China has aimed its sights at Australia and New Zealand, accusing their prime ministers of making "groundless accusations" and "grossly interfering in its internal affairs".
It urged Jacinda Ardern and Scott Morrison to "stop making irresponsible remarks and act in ways that are conducive to bilateral relations and regional peace and stability, rather than the opposite".
The pair met in Queenstown for the annual trans-Tasman leaders' dialogue culminating in a strong united front, including on China, laid out in a joint statement and reinforced in comments to media.
"New Zealand and Australia stand together in facing a challenging global environment," the introduction to the section titled Indo-Pacific and Global security reads.
They "reiterated their shared commitment to support an Indo-Pacific region of sovereign, resilient and prosperous states, with robust regional institutions and strong respect for international rules and norms, and where sovereign states can pursue their interests free from coercion".
Australia and New Zealand "committed to continue their close co-ordination and cooperation, as allies and partners, on current and emerging economic, security and environmental challenges in the Indo-Pacific region".
They directly referred to a number of live issues, expressing concern ranging from the South China Sea to the Uyghur people in Xinjiang.
On South China Sea: "Serious concern over developments ... including the continued militarisation of disputed features and an intensification of destabilising activities at sea."
On Hong Kong: "Deep concern over developments that limit the rights and freedoms of the people of Hong Kong and undermine the high degree of autonomy China guaranteed Hong Kong until 2047 under the Sino-British Joint Declaration."
On the Uyghur minority: "Grave concerns about the human rights situation in the Xinjiang Uyghur Autonomous Region."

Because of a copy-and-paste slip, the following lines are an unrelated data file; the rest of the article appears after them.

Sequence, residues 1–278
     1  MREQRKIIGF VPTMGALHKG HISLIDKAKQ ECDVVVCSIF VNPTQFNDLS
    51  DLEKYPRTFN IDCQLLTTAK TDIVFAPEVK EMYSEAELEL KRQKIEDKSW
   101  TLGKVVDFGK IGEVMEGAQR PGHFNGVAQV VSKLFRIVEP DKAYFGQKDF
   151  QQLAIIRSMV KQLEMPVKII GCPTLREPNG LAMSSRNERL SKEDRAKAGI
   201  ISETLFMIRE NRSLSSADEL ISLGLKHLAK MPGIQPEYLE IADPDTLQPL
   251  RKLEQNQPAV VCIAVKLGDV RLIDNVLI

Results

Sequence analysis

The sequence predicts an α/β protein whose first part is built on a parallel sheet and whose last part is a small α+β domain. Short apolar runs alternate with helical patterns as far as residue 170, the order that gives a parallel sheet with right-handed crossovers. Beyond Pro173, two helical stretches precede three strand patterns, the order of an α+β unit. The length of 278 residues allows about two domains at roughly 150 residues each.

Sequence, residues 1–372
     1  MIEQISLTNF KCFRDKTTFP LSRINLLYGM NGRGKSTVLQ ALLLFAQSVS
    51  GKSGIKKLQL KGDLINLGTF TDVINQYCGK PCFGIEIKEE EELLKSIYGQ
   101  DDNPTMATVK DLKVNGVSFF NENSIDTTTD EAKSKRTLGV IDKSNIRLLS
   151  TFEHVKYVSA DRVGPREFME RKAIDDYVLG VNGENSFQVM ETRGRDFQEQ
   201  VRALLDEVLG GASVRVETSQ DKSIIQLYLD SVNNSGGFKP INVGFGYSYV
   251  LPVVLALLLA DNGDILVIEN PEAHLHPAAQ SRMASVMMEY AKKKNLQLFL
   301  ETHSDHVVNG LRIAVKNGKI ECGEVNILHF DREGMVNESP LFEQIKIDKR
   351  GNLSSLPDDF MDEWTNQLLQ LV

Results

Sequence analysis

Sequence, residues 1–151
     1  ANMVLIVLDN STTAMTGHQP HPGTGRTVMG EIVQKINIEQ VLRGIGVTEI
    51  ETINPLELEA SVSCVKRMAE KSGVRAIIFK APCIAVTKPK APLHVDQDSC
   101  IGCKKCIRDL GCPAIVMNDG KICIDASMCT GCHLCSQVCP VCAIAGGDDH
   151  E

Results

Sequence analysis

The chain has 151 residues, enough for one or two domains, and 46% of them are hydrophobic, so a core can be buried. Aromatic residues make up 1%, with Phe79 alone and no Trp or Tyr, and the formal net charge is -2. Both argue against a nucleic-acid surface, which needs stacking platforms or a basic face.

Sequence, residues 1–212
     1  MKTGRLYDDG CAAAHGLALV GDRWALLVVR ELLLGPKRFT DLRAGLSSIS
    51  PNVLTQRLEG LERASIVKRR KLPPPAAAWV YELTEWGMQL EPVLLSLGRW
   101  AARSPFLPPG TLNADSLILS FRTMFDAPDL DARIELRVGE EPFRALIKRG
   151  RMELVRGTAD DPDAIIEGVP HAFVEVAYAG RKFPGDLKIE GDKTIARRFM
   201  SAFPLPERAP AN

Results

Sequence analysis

They called "upon China to respect the human rights of the Uyghur people and other Muslim minorities and to grant the United Nations and other independent observers meaningful and unfettered access to the region".
Speaking to the media after their formal talks on Monday, Ardern and Morrison pushed back on accusations the relationship's been compromised by New Zealand's position on China. Both argued they took a principled stand and were willing to call it out when each deemed fit, regardless of trade or economic consequences.
Foreign Ministry spokesperson Wang Wenbin said China had "taken note of and [is deeply concerned over the relevant statement".]
"The leaders of Australia and New Zealand [have made] irresponsible remarks on China's internal affairs relating to Hong Kong and Xinjiang as well as the South China Sea issue," he said.
"At present, the situation in the South China Sea is generally stable.
"China firmly upholds its territorial sovereignty and maritime rights and interests", Wang said, "at the same time, China is willing to properly handle maritime differences with relevant countries through consultation and negotiation to jointly safeguard peace and tranquility in the region".
"There is never any problem with the freedom of navigation and overflight in the South China Sea.
"We firmly oppose any groundless accusations against China under the pretext of the South China Sea issue."
It would not "waiver in its resolve and will reject any external interference in China's internal affairs", he said, including Hong Kong and the Uyghurs.
"Xinjiang-related issues are about counter-violence, anti-separatism and de-radicalization, rather than human rights, ethnicity or religion ... the rights and interests of people of all ethnic groups, including the Uyghurs, have been fully protected."
ANZAC allies working 'to uphold sovereignty in an era of increasing strategic competition'
The joint statement was littered with references to trans-Tasman solidarity within the volatile global setting.